As a church leader or camp manager, what happens when you receive that phone call?
A journalist is calling you at 11am and needing your comment for their 3pm deadline. They are raising questions about a church leader, or questions about content in a Bible talk, or questions about handling of funds…
What will you say?
What procedures and policies do you have in place to equip you in this moment?
Managing communications in a crisis is an increasing feature of Christian leadership in our culture.
The time to prepare for the crisis is before the crisis.
At each Regional Summit we invite professional communicators to introduce leaders to the types of procedures and planning that can make all the difference when a crisis hits.
We have had very positive feedback from elders, ministry leaders, and camp managers who attended the Waikato workshop.
We would like to invite all elderships, chairpersons (of elderships, community trusts, campsites and ministries), and pastoral leaders to attend.
CCCNZ Board Meeting
On Friday the CCCNZ Board met at LifeChurch's building in Manurewa in Auckland.
CCCNZ Board Members are:
- Board Chair Gordon Fountain (Eden Community Church)
- Graham Fletcher (Rosedale Bible Chapel)
- Alan Aitken (Riccarton Community Church)
- Rick Isles (Tāmaki Community Church)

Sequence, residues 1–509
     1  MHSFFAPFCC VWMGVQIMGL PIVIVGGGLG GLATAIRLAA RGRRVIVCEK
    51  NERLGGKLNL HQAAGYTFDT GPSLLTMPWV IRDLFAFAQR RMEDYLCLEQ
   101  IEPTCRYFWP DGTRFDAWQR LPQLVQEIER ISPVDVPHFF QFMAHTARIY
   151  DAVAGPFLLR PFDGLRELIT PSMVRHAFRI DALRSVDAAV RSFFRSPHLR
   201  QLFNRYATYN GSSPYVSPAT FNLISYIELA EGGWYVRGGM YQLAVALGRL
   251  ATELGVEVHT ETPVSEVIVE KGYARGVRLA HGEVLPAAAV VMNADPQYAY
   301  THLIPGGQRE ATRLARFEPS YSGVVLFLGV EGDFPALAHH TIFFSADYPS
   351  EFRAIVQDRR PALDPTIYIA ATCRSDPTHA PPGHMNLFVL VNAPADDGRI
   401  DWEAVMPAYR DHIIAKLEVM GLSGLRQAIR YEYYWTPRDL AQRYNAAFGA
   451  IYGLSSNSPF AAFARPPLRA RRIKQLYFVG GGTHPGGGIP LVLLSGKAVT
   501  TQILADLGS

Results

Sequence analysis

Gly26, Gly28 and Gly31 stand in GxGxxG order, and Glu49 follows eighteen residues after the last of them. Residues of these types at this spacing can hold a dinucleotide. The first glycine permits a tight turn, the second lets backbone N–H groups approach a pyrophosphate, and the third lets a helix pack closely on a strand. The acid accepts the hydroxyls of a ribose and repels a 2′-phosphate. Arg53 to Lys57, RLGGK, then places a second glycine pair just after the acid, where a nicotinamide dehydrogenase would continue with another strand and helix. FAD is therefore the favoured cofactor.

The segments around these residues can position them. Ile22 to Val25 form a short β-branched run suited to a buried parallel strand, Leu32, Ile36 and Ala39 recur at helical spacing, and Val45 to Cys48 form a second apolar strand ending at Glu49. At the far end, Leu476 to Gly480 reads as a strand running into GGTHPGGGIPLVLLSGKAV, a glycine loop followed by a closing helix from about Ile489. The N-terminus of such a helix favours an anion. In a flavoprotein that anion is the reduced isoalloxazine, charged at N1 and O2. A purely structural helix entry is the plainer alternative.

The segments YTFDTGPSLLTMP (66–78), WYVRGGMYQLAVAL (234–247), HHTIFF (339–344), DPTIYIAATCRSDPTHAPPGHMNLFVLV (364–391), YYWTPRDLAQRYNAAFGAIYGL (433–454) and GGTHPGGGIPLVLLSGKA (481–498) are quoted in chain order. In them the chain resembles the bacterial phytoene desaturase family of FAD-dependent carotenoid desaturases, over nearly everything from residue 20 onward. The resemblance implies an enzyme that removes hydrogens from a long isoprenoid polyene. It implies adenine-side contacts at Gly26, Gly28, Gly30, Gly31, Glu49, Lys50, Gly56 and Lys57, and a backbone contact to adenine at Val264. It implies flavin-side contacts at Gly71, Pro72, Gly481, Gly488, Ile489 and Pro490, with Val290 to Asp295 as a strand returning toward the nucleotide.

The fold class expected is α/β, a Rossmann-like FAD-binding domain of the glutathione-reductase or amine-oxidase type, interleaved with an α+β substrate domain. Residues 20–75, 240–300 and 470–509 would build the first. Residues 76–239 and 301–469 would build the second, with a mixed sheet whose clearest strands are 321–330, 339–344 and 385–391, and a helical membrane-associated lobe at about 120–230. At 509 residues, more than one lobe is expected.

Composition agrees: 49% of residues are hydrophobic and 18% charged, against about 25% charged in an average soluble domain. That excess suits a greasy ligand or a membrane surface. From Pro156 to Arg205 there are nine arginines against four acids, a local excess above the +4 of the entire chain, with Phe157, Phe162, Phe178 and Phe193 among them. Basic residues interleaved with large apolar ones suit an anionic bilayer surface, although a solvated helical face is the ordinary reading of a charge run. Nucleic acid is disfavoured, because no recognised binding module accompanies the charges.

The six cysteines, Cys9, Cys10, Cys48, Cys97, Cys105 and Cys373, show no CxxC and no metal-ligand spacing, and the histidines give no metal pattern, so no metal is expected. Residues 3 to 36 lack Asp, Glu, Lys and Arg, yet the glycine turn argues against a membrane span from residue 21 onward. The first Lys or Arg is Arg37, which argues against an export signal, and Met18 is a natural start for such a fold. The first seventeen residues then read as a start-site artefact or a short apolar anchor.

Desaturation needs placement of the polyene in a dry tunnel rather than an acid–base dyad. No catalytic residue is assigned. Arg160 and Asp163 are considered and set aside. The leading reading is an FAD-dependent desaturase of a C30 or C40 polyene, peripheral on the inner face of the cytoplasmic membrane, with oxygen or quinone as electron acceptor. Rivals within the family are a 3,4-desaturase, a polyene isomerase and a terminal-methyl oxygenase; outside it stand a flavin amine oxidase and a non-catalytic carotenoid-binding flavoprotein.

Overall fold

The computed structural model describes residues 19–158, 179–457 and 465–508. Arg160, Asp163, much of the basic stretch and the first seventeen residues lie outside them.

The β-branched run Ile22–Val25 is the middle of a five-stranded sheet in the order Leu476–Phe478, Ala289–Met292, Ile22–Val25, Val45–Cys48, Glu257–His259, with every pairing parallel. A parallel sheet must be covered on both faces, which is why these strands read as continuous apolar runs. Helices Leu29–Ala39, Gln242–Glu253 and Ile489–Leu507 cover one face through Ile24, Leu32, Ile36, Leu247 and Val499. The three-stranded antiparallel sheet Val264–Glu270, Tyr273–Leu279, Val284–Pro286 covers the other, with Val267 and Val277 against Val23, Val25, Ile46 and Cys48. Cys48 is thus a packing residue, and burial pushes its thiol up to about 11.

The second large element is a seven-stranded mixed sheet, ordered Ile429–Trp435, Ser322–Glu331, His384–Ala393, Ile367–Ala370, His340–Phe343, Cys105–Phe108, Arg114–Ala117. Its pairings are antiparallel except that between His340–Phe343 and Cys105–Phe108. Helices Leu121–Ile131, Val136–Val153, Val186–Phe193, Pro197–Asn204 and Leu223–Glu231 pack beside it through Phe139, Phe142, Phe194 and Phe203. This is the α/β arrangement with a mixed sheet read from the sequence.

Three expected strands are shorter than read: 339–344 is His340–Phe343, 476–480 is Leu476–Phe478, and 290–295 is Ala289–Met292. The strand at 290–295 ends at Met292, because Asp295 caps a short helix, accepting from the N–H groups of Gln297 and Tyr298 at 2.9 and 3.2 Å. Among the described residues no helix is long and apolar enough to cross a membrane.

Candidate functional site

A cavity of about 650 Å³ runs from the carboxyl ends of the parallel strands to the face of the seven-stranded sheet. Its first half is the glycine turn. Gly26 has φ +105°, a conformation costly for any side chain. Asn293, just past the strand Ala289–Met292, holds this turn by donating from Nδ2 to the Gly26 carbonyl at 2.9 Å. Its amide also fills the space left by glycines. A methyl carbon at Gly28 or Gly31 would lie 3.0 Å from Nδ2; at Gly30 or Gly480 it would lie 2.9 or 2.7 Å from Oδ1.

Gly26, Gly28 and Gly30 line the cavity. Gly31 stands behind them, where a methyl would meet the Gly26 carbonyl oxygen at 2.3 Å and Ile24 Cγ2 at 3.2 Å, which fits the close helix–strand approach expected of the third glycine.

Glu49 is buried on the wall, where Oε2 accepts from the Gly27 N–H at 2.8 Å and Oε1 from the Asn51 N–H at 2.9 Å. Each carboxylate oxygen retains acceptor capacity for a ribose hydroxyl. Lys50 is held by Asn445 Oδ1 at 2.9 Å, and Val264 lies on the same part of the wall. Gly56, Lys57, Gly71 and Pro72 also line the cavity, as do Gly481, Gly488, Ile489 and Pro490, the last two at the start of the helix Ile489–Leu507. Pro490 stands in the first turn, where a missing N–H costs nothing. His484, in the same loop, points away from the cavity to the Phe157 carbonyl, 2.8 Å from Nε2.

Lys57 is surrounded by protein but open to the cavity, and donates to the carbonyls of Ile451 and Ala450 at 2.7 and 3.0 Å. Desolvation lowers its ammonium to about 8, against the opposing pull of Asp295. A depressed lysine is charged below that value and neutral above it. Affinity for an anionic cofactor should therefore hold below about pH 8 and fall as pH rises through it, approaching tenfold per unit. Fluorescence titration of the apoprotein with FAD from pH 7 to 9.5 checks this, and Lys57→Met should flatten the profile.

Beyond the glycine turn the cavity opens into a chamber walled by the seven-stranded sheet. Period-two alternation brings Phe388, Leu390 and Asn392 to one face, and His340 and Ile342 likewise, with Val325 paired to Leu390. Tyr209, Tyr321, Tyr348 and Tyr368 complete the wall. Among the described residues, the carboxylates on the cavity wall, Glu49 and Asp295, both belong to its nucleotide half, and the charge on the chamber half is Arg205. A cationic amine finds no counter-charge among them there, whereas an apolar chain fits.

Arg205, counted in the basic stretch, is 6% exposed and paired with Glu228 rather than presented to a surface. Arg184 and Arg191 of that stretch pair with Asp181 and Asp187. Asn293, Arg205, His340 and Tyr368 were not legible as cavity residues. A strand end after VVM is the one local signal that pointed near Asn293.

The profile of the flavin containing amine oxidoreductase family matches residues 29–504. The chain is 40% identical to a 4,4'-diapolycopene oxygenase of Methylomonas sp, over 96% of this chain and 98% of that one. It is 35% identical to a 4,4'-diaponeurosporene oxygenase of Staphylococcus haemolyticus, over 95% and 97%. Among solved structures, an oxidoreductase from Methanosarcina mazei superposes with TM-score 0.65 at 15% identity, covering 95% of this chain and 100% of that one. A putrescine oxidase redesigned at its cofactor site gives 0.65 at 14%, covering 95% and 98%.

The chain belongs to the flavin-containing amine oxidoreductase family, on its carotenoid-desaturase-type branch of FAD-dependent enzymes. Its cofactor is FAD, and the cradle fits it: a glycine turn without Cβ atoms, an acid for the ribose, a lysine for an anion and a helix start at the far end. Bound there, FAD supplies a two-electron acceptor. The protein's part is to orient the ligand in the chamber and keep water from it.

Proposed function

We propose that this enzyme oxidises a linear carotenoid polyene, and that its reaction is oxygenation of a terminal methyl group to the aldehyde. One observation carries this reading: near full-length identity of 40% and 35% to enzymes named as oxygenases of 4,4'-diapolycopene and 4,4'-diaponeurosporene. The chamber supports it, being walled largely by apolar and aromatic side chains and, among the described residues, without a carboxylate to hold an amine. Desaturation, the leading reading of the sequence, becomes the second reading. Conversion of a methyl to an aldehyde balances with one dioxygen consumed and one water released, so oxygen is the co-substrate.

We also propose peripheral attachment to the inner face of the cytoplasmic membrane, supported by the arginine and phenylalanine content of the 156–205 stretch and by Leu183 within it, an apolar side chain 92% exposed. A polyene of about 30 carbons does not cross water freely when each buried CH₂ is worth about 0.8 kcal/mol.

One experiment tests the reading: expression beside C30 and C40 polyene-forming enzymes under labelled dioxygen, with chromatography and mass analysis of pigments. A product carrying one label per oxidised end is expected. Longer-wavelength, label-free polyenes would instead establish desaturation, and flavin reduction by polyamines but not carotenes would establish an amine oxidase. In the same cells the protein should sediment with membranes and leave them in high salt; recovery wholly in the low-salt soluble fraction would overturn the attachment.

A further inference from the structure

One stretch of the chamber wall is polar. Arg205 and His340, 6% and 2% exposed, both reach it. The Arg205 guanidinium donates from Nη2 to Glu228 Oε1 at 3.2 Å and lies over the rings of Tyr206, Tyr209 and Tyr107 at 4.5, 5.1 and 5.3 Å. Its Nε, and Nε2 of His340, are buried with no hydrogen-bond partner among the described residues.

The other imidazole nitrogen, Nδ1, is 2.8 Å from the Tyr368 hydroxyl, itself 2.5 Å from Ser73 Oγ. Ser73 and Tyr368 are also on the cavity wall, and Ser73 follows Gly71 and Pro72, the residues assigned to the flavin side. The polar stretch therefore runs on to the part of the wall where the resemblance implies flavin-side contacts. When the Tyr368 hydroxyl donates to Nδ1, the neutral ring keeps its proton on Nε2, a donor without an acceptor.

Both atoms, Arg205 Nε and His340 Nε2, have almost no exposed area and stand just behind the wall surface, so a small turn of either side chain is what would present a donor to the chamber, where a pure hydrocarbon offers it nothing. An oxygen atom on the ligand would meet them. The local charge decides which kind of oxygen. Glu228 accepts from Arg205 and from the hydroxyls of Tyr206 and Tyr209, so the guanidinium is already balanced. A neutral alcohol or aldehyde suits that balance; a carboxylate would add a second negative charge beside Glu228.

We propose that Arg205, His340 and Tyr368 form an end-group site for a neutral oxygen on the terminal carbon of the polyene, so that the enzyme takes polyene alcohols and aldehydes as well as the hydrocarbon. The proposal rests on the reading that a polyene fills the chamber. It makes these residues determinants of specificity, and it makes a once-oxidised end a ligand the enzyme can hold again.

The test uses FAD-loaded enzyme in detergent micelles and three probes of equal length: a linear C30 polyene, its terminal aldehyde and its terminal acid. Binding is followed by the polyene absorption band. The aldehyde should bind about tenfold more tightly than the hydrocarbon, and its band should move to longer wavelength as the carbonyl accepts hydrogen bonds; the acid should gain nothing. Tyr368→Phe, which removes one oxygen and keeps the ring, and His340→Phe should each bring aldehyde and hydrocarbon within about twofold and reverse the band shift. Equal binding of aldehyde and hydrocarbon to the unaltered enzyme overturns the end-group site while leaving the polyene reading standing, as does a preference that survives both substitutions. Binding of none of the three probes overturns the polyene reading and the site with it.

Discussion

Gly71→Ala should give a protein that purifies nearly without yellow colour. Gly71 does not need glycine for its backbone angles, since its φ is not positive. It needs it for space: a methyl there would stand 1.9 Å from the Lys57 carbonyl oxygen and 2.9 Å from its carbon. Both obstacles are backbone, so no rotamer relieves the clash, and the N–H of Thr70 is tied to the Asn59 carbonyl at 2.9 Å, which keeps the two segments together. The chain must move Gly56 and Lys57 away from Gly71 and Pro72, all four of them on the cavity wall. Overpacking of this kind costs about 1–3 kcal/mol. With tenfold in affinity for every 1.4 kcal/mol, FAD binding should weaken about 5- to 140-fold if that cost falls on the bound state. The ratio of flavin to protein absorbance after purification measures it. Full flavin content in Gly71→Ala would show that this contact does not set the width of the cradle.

- Stuart Bay (Manawaru Bible Chapel)
- Shannon Samuels (Tāmaki Community Church)
- Chris Broadbent (Northcross Church)
- Gillian Guptill (Mt Wellington Community Church)
- Bruce Stormer (The Anchor Church)
- Ane Ponifasio (LifeChurch Manurewa)
- Murray Frost (Rutland Street Church)
- Richard Goodwin (Raleigh Street Christian Centre)
One of the questions we explored is: "What are the challenges facing elderships?"
We discussed the challenges of shepherding and managing, and the challenges of looking for new elders and people not wanting to step into the role.
We discussed the challenges of caring and conflict within an eldership. The challenge of spiritual leadership and increasing compliance complexity. The challenge of the role of an elder and of training potential future elders into the role. The challenges of volunteer elders and elders who are paid.
I am incredibly thankful for the board's meeting, and it is my hope that the discussion will result in more churches pointing people to the gospel from the Scriptures.